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1860s

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In a number of cities, unions in various trades joined together in citywide federations. The Nation Labor Union, (actually a federation- an organization of local unions) formed in 1866. The NLU eventually persuaded Congress to pass an eight hour day for Federal workers. Never very strong, it was a casualty of the sweeping economic depression of 1873.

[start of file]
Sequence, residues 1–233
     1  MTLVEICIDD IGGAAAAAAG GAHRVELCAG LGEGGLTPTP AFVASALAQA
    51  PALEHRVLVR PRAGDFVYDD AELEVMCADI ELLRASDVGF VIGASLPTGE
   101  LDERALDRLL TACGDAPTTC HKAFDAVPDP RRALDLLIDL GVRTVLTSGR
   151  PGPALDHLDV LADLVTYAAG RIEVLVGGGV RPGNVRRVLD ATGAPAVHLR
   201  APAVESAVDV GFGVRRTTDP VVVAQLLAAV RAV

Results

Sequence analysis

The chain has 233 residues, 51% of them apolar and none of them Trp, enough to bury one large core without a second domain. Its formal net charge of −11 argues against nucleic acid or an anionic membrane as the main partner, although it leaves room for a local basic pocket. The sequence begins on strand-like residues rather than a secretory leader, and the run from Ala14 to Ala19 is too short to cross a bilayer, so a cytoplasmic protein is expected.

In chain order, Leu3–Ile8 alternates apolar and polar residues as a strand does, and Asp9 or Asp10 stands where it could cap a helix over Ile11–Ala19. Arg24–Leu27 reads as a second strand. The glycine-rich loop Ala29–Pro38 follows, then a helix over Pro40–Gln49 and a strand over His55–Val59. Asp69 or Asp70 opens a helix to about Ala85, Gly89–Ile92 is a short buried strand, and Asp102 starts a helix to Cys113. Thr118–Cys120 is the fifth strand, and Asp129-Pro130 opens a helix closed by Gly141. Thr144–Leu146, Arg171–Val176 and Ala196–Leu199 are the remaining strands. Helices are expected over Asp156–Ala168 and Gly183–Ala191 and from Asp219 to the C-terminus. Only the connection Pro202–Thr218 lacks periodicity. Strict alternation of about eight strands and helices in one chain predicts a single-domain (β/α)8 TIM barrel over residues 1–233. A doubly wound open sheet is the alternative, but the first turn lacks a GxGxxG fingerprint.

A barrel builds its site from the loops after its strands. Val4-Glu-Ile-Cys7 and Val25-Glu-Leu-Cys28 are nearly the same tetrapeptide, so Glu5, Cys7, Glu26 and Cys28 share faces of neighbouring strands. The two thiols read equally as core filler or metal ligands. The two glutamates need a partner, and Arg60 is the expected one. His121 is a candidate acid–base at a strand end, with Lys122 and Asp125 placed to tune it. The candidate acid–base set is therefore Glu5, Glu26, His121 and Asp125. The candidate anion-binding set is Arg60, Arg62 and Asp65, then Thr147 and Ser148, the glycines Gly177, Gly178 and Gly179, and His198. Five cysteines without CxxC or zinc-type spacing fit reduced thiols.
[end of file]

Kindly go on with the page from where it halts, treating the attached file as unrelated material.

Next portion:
Formed in 1869 by Uriah Stephens and expanded rapidly under the leadership of Terrance Powdery, the Knights of Labor captured the public imagination. The Knights were an all-embracing organization committed to a cooperative society. Membership was open to all workers, whether they be skilled or unskilled, black or white, male or female. The Knights achieved a membership of nearly 750,000 during the next few years, but the skilled and unskilled workers who had joined, for the purpose to improve their hours and wages conditions, found themselves fragmented by the rift between skilled and unskilled workers. Skilled workers tired of labor activity on the part of unskilled workers who were easily replaced. The Knights' membership declined after the Haymarket Square riots. In the riot members of the Knights of Labor where accused of throwing a bomb which killed police officers. The Knights, once an effective labor force, were not only fragmented, but faced with enormous negative publicity that eventually led to its disbandment.

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